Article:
Belgium in Brief: Don’t get your hopes up

Belgium in Brief: Don’t get your hopes up
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Here we go again – the Consultative Committee returns (already for the second time this year) and with it, the flurry of attention as Belgians wonder what new turns might be in store for the country’s Covid strategy.

Before we get carried away in the excitement of the moment, the truth is that very little is likely to change – at least for now. Records are being set for new cases and the outlook beyond Belgian soil looks similarly bleak.

Belgium’s leading virologists and public health ministers have been urging caution as criticism grows about their approach being too science-driven with little regard for the wider social consequences. And despite indications that the now dominant Omicron variant is often more akin to flu for those who test positive, it nonetheless continues to wreak havoc in many areas of society.

All things considered, Belgium’s coronavirus campaign isn’t yet set for a shake-up.

This is a far cry from the UK’s lifting of rules that, by comparison to measures on Europe’s mainland, weren’t even particularly strict. In England, regulations are soon to become recommendations as the country’s biggest cheerleader – Boris Johnson – scabbles to create headline-catching good news that will deflect from the seemingly endless parties held in his home when the rest of the country was denied almost any form of social engagement.

Whether the population will embrace their liberty and forgive him all naughtiness remains to be seen. For the record, he really is regretful about his “misjudgements” and showed all the sincerity of a schoolboy caught out after fervently denying any wrongdoing until the evidence against him was incontrovertible.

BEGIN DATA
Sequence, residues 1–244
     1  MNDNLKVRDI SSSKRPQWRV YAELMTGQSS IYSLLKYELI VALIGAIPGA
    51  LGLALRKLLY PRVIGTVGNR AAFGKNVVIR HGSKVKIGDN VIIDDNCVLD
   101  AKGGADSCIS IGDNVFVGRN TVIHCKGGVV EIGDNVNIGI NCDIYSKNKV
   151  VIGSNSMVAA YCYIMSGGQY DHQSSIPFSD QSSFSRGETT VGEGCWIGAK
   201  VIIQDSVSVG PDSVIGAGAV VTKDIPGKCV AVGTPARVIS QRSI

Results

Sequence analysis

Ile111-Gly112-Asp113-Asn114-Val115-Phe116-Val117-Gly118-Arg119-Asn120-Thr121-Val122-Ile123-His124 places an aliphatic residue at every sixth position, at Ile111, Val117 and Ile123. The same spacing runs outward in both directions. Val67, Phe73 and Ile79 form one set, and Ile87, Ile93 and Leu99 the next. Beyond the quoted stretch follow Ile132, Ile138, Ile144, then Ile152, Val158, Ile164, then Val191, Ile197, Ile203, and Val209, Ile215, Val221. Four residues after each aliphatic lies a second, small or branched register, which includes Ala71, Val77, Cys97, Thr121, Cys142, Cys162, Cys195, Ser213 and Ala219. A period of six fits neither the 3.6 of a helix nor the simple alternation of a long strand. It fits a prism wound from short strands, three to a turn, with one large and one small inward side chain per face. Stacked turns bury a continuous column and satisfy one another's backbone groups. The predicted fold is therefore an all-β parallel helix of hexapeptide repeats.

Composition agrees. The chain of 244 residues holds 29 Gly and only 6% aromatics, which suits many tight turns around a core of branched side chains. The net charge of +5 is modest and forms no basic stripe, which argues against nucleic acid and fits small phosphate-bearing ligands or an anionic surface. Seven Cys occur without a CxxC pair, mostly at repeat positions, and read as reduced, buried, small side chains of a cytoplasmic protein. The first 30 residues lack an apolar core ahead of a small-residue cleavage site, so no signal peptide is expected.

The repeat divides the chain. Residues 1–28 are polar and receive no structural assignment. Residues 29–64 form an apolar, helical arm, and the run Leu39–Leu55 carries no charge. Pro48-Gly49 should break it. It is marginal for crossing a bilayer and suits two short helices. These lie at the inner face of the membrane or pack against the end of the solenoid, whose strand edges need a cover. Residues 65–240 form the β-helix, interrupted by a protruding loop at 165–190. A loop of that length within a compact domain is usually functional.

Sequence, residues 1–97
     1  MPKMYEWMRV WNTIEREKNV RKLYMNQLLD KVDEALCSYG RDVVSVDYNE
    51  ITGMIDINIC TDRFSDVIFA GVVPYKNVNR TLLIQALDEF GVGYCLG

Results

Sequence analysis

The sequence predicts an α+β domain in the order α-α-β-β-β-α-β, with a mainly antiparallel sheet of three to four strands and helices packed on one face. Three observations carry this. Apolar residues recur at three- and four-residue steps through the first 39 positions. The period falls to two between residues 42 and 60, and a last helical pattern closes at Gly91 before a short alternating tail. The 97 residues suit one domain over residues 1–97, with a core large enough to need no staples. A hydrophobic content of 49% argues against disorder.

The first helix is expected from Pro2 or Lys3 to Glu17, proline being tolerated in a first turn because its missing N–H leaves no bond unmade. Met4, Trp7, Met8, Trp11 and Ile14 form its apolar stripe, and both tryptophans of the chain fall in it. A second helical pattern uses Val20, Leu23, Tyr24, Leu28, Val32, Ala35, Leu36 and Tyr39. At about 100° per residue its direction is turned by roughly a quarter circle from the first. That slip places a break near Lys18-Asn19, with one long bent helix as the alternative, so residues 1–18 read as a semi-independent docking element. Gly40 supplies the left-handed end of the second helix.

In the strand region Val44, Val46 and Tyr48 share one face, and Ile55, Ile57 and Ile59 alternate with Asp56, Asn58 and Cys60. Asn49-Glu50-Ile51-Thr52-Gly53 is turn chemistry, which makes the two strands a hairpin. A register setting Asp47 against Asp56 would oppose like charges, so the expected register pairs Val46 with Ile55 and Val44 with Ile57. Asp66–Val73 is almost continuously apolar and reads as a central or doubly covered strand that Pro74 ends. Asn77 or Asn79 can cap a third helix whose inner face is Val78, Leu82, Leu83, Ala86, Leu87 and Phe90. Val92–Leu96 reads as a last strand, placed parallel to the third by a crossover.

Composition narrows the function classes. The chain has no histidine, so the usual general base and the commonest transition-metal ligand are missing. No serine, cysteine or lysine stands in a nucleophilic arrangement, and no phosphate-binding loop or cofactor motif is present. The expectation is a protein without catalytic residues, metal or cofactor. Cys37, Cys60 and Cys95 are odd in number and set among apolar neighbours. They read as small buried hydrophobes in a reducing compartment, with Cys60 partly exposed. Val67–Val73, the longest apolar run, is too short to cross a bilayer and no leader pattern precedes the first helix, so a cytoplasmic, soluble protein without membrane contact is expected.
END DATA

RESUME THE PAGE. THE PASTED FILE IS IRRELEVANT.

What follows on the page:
But Belgium is not blessed with such swashbuckling premiers who feel that bowing to public pressure is the only way to save their political prospects. Instead, we have been promised a barometer – a nifty tool to clarify the epidemiological direction the country is headed in. Lawmakers will hope that this will make future policy changes predictable and justifiable, thus unifying citizens behind the common cause.

For all the action, my colleague Maïthé will be keeping you updated.

Ready for the ride? Let @Orlando_tbt know.

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Belgium in Brief is a free daily roundup of the top stories to get you through your lunch break conversations. To receive it straight to your inbox every day, sign up below:

1. What is on the agenda of today’s Consultative Committee?

Belgium’s Consultative Committee will meet again this afternoon to discuss the long-awaited coronavirus barometer and a medium-term strategy to manage the pandemic in the country. Read more.

2. ‘End not yet in sight’: infections will decrease from end of February, says Van Gucht

Belgium is nearing the peak of the fifth coronavirus wave but the end is not yet in sight, with a decrease only expected at the end of February, according to virologist Steven Van Gucht. Read more.

3. Home ordering becomes habit: Deliveroo rides high on Covid-induced popularity

British food and meal delivery platform Deliveroo finished 2021 with a strong performance, despite most restrictions on eating out being lifted in the regions where it operates. Read more.

4. Weight of plastics in seas could exceed that of all fish by 2040

If plastic production continues at its current rate, the plastic polluting oceans is due to triple by 2040 and could outweigh all fish in the oceans. Now, a report by the Environmental Investigation Agency (EIA) has called this a global emergency. Read more.

5. Thalys to resume Disney and Charles de Gaulle services after passenger numbers up in 2021

High-speed rail carrier Thalys sees the light at the end of the tunnel as passenger numbers and budgets recover after taking big hits during the pandemic. Read more.

6. Almost all police officers in Belgium have experienced a traumatising event

A large majority of police officers in Belgium have experienced at least one traumatic incident while carrying out their duties, while the number of staff that have developed psychological trauma as a result of this is likely higher than estimated. Read more.

7. Hidden Belgium: The meeting place for Brussels’ surrealists

How can anyone resist a bar called La Fleur en Papier Doré (The Flower in Gold Paper)? Originally called the Café des Artistes, it acquired its more romantic name after it was taken over in October 1944 by the eccentric poet and art dealer Geert Van Bruaene. Read more.

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